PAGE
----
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Cover 3: Giants who benefit from new schemes


Giants writers discuss which returning Giant will benefit the most from the new schemes:

Under new head coach Pat Shurmur, the New York Giants are installing new systems on both sides of the ball, as James Bettcher takes over the defense and Mike Shula heads the offense. That leads us to our "Cover 3" question of the week: Which returning Giant will benefit the most from the new schemes?


I'm going to go with Eli Manning here, even though while I think I know what the new offense will look like, I'm not 100 percent sure. We simply haven't seen enough of it. If the offense does open up, giving Manning the chance to take more shots down the field, then I think it will help him an awful lot. Manning has always been a very good deep ball thrower, especially in the middle of the field, and he didn't have the same opportunities to take those types of shots the past few seasons as he did earlier in his career. Some of those play call decisions were impacted by personnel, too, especially on the offensive line.

Manning has also always been a strong play-action passer, something Pat Shurmur featured extensively in Minnesota. With Saquon Barkley in the fold, I would expect that to be a big part of the offense. We'll see what the offense looks like when it is completely installed, but based on what the Vikings did last season, it should play to some of Manning's strengths that have been underutilized in recent seasons. It should be pointed out, however, that it will be the talent infusion on offense that will help Manning more than anything schematically. Jimmies and Joes make all the difference, rather than the X's and O's.


I'll go with Odell Beckham Jr. as he rebounds from injury. True, a new scheme automatically improves from having Beckham as much as the other way around, but there are two tenets of the new offense that he stands to benefit from the most – balance and unpredictability. Mike Shula's role is to carry out Pat Shumur's vision of the offense, which is using multiple personnel to "make the defense defend the whole field." In other words, teams won't be able to roll their entire defense to Beckham's side – at least, that is the idea. And that is part of the reason why the offense has failed to find another gear in recent years.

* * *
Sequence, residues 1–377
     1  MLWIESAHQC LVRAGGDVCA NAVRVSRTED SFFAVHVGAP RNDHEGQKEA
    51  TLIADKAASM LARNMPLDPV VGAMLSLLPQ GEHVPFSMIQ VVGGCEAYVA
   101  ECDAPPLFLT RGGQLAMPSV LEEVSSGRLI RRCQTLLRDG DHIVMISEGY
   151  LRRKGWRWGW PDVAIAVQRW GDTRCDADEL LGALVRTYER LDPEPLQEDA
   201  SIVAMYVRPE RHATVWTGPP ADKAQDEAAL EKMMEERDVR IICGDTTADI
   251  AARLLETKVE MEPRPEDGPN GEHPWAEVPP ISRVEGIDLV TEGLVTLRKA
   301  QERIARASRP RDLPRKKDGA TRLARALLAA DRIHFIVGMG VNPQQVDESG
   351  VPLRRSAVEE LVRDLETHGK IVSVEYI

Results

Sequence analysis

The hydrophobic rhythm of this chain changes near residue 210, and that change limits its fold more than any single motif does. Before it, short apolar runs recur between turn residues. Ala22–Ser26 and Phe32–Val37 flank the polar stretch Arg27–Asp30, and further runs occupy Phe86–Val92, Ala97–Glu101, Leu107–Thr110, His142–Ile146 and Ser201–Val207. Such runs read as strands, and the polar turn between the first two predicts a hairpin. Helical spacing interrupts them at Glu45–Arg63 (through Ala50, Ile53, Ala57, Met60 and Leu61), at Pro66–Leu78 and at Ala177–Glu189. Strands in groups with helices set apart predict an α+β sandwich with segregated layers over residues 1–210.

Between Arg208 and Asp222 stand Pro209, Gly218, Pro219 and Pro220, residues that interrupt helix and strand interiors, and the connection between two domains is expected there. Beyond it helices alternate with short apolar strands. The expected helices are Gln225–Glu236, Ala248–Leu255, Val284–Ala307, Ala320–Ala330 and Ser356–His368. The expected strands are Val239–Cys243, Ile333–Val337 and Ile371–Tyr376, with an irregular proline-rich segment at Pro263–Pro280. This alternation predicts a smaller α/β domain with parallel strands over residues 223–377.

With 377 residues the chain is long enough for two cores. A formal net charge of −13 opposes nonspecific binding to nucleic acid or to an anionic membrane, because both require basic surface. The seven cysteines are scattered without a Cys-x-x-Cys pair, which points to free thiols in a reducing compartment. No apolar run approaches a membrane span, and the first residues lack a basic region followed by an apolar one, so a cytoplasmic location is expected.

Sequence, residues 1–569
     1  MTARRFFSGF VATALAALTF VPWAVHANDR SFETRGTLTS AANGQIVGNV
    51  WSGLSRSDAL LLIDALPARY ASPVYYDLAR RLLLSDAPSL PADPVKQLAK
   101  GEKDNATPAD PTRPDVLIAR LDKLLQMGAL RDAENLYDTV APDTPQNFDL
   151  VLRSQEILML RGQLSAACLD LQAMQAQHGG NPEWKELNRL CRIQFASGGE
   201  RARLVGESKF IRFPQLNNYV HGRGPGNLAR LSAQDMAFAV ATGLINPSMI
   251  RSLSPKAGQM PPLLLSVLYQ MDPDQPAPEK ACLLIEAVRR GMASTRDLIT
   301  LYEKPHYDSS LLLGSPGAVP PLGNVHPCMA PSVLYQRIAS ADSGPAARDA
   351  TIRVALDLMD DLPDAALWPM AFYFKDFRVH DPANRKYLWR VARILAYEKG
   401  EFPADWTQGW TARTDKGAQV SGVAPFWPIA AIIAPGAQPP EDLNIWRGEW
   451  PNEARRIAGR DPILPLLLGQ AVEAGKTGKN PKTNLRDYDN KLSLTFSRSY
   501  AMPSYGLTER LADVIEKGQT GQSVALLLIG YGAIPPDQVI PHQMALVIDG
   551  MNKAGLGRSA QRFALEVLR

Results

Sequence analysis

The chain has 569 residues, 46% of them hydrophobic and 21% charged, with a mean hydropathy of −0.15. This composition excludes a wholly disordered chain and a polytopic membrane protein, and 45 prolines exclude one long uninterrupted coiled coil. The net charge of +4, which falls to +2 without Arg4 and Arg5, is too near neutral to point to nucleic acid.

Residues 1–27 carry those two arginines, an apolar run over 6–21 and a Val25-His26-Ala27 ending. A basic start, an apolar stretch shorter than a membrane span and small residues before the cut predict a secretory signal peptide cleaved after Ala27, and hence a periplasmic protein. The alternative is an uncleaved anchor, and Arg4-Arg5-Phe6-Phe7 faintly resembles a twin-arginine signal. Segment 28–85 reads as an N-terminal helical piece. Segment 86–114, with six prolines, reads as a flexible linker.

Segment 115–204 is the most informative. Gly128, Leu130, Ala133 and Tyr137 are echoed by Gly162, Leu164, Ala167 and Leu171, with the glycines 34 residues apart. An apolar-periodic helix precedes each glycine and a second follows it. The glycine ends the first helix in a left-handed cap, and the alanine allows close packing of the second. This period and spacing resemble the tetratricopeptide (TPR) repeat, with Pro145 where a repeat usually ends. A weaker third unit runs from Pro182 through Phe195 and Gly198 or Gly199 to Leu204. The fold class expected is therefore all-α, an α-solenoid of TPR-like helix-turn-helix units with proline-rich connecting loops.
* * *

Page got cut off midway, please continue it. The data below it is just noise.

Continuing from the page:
Just look at what Shurmur did with Adam Thielen in Minnesota last year in one of the most balanced offenses in the NFL. The Vikings ran the ball 47.5 percent of the time, fifth-most in the league, and Thielen still finished with 1,276 yards, also fifth-most among all receivers. See how that works? Balance is key. Shurmur – and, of course, Saquon Barkley – will try to help in that regard.


Even though Landon Collins has made the Pro Bowl in each of the last two seasons in Steve Spagnuolo's defense, I still think he's the player that will benefit the most from James Bettcher's new scheme.  Bettcher loves versatile players and takes full advantage of their skillset, which was well-documented in Arizona in how he converted Deone Bucannon to linebacker from safety.  Bucannon had a career year in 2015, his first season at linebacker, in terms of tackles and sacks. Same can be said for safety Tyrann Mathieu, who didn't change positions, but thrived in Bettcher's system, especially in 2015 when he set career highs in tackles, interceptions and passes defended

I'm not saying Collins will change positions, but I think Bettcher will take advantage of his ability to play down in the box and help stop the run while balancing that with his usage deep in coverage.  Based on what the Cardinals' defense did during Bettcher's tenure as coordinator from 2015-17, it's not a stretch to think Collins will be called upon to get after the quarterback.  Arizona loved to blitz while Bettcher was running the defense, and in 2016, the Cardinals led the NFL in sacks with 48.

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